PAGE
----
The other day I was driving to the cottage with my son when I asked if he wanted to stop off and grab a Subway sandwich. He blurted “no, didn’t you hear, their buns are basically cake, with all the sugar that’s in them.” I guess I had my head too deeply buried in my work to have caught one of the biggest brand PR crises of the year. Ireland’s Supreme Court had just ruled that bread sold by Subway contains so much sugar that it cannot be legally defined as bread. When you’re a brand like Subway, who’s built its customer trust on being “a healthy alternative” to its higher calorie competitors, this type of breach can ultimately obliterate your bottom line. This got me thinking about the impact that a public sentiment catastrophe can have on a big, privately held company like Subway and lead me to check the change in its brand sentiment from twitter.
We live in a consumer era fueled by social media, transparency and 24/7 digital dialogue. Brands always want to know what consumers are saying about them on Facebook, Twitter or Instagram. That’s why many of the world’s top brands use social media listening and monitoring. It’s essential for them to understand the feelings, opinions and motivations of their customers. By understanding these sentiments, they can make data-driven decisions to strategically improve their products, services, customer experience and marketing. Basically, negative consumer feelings drive change. They often light a fire under organizations that fail to innovate quick enough. The more businesses know about their customers, the better they can make the changes necessary to serve them in a better, more personalized way. That’s where sentiment analysis comes in.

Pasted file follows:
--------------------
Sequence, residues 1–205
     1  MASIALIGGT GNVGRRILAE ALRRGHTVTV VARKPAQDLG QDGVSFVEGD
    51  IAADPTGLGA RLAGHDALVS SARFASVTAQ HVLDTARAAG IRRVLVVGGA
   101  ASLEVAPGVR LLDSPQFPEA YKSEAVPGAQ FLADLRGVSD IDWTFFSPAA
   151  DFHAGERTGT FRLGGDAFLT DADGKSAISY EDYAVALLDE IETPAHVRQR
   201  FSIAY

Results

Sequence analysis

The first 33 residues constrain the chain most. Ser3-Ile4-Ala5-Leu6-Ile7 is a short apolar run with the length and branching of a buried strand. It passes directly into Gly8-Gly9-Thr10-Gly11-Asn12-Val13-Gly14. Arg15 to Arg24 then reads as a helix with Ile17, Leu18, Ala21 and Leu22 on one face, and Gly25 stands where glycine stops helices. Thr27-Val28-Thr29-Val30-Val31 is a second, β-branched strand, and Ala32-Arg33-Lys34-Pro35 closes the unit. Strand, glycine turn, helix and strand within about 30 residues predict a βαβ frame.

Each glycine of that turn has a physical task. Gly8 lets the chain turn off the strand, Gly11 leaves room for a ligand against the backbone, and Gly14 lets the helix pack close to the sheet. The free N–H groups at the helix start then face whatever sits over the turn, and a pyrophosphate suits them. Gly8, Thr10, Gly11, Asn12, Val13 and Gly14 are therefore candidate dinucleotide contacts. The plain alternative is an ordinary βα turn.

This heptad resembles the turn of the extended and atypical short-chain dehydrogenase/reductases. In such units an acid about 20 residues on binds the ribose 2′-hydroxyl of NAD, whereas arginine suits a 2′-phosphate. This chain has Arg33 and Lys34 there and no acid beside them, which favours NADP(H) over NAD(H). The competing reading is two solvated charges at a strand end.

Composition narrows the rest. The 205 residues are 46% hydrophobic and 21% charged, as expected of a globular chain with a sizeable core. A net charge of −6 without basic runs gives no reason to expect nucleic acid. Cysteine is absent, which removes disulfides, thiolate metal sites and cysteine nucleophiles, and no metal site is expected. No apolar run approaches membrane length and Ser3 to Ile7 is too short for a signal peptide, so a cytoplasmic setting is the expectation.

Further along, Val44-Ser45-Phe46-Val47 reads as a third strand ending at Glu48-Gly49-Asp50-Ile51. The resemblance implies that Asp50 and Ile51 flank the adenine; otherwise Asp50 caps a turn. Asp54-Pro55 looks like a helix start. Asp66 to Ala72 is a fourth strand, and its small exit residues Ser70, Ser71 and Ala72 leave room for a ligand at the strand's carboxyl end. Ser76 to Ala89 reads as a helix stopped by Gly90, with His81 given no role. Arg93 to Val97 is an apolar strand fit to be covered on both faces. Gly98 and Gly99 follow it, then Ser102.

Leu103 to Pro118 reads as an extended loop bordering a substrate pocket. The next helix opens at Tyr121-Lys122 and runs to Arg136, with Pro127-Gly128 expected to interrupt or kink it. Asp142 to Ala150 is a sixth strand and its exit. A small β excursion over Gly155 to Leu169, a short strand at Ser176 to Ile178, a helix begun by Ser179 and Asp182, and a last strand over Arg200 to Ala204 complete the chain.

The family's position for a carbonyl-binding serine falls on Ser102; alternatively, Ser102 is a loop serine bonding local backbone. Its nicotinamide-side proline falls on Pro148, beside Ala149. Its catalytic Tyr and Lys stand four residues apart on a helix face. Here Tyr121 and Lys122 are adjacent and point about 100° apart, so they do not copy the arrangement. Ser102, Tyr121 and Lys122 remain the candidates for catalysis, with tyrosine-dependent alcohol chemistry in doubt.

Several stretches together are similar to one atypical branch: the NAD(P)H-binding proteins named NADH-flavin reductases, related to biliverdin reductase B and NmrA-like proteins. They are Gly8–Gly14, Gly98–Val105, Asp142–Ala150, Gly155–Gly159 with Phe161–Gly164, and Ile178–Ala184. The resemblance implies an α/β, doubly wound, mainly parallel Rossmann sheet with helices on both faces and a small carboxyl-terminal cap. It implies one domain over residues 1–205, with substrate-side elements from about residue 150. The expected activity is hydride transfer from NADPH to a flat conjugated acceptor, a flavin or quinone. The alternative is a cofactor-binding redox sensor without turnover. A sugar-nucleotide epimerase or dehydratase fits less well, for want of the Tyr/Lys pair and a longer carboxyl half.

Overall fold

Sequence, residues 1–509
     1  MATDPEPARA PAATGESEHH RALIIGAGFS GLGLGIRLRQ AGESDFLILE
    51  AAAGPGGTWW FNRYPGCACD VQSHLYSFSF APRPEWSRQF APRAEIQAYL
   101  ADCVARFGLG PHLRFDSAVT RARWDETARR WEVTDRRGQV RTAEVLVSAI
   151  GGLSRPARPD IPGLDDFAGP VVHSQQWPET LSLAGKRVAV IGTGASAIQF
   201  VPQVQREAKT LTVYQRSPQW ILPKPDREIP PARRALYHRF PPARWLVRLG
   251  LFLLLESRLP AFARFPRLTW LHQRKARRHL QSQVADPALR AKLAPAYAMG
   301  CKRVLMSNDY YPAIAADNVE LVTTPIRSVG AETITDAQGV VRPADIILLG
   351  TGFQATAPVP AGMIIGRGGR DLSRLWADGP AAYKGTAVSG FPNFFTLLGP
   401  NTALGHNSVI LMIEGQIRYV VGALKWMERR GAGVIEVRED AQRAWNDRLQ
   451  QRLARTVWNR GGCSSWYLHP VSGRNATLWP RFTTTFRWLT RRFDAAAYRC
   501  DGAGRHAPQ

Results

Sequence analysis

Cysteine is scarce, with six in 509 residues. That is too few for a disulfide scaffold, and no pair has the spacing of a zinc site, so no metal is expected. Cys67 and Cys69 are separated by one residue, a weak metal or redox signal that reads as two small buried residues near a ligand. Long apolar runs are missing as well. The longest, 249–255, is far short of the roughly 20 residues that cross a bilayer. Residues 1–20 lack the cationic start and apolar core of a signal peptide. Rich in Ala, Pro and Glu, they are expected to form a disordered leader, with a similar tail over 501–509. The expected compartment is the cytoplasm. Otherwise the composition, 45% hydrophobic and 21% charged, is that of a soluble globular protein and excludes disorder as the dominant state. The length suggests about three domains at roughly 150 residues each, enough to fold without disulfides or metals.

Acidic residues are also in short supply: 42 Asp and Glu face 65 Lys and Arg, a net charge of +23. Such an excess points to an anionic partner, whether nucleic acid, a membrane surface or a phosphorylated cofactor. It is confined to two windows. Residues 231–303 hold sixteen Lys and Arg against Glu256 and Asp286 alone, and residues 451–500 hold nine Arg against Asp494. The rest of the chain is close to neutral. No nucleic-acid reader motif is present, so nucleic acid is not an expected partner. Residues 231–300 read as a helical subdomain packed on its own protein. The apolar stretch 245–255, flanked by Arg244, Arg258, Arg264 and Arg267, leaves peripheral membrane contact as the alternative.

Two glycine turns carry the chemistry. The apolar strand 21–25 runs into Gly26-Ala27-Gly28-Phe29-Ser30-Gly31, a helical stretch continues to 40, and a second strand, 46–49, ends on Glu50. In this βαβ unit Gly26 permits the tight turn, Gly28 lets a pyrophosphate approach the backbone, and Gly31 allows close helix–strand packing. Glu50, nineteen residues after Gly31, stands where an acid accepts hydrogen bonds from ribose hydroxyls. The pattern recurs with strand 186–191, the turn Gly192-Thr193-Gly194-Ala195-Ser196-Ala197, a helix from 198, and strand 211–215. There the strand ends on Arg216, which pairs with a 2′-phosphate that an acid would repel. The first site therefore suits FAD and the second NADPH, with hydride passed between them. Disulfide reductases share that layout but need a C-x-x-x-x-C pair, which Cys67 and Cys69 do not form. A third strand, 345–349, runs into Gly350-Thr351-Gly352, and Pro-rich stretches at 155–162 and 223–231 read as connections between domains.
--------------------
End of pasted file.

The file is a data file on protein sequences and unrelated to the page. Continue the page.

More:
Sentiment analysis is simply the process of identifying and scoring peoples’ feelings expressed through any form of text data as positive (+1), neutral (0), or positive (1). Sentiment analysis powered by text analytics can be used to comprehend consumer feelings and motivations in social media posts, survey answers, customer service tickets and live chat logues. To do this quickly and easily, social media listening requires automated sentiment analysis tools to gather, process and visualize the sentiment with social media feeds like Twitter data sets.